IBAVYR pills


IBAVYR pillsMontreal (Quebec), March 31, 2014 – New hepatitis C (HCV) treatment regimens have advanced rapidly in recent years, including the recent Health Canada approval of interferon-free therapy.  To support patients to access these newest options, Pendopharm, a division of Pharmascience Inc., today announced that it has received a Priority Review designation from Health Canada for the first stand-alone ribavirin tablet for the Canadian market.

In Canada, ribavirin, a component of the current standard of care for the treatment of HCV, is only approved in a format that is co-packaged with pegylated interferon.  As such, Pendopharm has sought Health Canada approval of the first stand-alone ribavirin to support the treatment of HCV.  Health Canada has granted Pendopharm a Priority Review given the need for single-agent ribavirin in new and evolving HCV treatments.

Gilead Sciences Canada, Inc.’s Sovaldi® (sofosbuvir), the most recent HCV treatment to receive a Notice of Compliance from Health Canada, is the first treatment regimen that now allows some patients to eliminate interferon entirely.  Sovaldi is a once-daily direct-acting antiviral agent for the treatment of genotypes 1 and 4 in combination with pegylated interferon and ribavirin, and in genotypes 2 and 3 in combination with ribavirin alone.  Patients with genotypes 2 and 3 represent an estimated 30 per cent of HCV cases in Canada.

Responding to Patient Treatment Needs

Pendopharm and Gilead Sciences share a mandate to address medical areas of high unmet need and burden of illness, as well as to improve the quality of life of patients. “Pendopharm and Gilead Sciences are pleased to be part of the solution to bring the newest HCV interferon-free treatment regimens to physicians and patients,” commented Élise Vézina, Vice President and Division Head, Pendopharm, and Edward Gudaitis, General Manager, Gilead Sciences Canada, Inc.  “Upon Health Canada approval of our ribavirin, we will work diligently with provinces to support timely access for patients,” added Ms. Vézina.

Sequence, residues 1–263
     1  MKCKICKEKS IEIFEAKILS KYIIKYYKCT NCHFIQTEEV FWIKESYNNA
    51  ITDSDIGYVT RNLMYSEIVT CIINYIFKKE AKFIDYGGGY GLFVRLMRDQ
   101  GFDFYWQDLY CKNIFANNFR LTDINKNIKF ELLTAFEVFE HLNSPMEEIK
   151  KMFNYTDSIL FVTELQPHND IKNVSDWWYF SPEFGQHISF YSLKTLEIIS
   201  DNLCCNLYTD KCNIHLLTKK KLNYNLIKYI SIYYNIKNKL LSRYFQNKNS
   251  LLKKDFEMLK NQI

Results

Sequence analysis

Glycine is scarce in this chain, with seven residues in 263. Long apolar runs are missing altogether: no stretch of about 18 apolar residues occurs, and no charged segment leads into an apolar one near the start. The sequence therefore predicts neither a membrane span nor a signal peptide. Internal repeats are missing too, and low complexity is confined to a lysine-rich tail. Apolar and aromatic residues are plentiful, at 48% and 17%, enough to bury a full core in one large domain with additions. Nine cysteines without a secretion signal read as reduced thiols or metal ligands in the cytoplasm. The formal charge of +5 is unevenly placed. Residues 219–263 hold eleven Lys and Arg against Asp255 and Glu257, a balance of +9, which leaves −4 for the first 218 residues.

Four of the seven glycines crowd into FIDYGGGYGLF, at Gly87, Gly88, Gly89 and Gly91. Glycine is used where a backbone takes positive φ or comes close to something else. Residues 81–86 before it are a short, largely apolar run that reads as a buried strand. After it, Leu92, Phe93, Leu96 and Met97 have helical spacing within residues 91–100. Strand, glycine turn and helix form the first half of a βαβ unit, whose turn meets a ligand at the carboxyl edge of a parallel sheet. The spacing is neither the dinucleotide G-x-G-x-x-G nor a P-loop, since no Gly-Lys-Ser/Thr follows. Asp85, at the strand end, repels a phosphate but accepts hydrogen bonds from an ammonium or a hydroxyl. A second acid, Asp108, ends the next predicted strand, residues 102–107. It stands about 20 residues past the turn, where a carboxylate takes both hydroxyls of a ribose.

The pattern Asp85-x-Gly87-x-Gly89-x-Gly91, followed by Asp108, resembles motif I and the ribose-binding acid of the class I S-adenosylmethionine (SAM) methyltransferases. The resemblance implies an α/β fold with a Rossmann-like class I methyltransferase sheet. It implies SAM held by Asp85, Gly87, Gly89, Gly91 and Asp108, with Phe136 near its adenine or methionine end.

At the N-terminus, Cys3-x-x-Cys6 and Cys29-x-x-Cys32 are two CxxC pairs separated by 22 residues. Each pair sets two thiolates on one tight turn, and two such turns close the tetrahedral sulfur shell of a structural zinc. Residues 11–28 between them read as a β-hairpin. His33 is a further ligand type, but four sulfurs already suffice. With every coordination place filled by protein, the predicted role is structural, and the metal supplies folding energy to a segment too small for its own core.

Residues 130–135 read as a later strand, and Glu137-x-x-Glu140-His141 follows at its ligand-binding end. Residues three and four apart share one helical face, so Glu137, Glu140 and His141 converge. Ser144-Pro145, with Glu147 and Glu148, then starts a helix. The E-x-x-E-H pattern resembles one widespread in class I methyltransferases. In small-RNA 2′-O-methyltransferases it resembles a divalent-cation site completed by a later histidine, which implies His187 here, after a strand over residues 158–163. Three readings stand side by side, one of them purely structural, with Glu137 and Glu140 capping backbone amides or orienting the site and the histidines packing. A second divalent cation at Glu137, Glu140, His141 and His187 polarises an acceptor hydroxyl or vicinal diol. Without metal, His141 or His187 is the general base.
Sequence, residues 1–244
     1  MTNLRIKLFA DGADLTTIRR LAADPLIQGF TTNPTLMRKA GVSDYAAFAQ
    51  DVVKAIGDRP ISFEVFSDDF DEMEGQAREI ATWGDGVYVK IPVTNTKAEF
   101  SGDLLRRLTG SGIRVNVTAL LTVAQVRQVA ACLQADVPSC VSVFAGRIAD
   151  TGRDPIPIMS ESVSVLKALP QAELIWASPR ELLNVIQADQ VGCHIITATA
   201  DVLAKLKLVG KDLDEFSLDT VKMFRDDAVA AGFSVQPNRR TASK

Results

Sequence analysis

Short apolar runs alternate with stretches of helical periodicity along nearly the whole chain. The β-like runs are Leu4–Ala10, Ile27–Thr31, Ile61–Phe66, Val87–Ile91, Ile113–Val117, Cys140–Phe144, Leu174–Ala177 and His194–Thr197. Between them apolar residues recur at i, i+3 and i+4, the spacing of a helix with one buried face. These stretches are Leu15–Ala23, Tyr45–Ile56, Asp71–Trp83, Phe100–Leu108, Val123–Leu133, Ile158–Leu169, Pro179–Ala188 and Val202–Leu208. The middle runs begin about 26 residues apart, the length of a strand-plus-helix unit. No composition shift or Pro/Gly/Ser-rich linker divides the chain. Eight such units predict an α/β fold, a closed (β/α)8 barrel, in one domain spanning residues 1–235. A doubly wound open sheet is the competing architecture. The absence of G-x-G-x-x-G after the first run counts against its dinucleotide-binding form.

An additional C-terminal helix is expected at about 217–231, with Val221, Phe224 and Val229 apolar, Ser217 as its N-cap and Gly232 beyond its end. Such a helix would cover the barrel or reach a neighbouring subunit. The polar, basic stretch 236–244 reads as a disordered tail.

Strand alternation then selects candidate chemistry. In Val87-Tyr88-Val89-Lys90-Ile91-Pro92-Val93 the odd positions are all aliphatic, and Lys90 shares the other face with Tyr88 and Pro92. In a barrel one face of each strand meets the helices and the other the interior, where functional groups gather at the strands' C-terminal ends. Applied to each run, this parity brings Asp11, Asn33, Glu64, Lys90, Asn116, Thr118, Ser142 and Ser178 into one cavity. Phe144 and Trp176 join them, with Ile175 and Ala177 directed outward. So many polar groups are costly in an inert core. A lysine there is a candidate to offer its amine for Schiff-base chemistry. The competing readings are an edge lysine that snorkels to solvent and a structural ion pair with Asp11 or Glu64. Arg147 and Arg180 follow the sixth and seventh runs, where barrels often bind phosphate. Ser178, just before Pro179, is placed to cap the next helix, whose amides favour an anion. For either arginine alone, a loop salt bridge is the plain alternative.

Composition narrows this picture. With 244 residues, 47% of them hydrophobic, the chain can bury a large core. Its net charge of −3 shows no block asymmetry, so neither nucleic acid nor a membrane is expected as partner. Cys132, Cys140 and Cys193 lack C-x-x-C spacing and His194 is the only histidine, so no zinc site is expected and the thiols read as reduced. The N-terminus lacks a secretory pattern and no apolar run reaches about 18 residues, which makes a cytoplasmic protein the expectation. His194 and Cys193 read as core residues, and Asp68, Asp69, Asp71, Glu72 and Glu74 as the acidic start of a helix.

Hepatitis C is an emerging and costly public health issue, but many Canadians are not aware that HCV can be cured.  It is estimated that more than 250,000 Canadians have chronic hepatitis C infection.  Hepatitis C is the leading cause of liver cancer and liver transplantation in Canada.  Combined with the indirect costs of HCV, the financial burden of the disease in Canada is estimated at $500 million annually.1

 “New HCV treatment regimens, specifically in genotypes 2 and 3 where we can now eliminate interferon, have the potential to transform HCV treatment in Canada,” said Jordan Feld, MD, MPH, Staff Hepatologist, Toronto Western Hospital, Department of Medicine, Division of Gastroenterology.  “Interferon has been the main stumbling block to treatment in the past.  New regimens without interferon are a huge advance, giving us higher cure rates and shortened treatment duration with a lot fewer side effects.  This gives us our best opportunity to successfully treat and cure Canadians with hepatitis C,” added Dr. Feld.


1 Public Health Agency of Canada. The Evaluation of Hepatitis C www.phac-aspc.gc.ca/publicat/2008/er-re-hepc/er-re-hepc1-eng.php. October 17, 2013.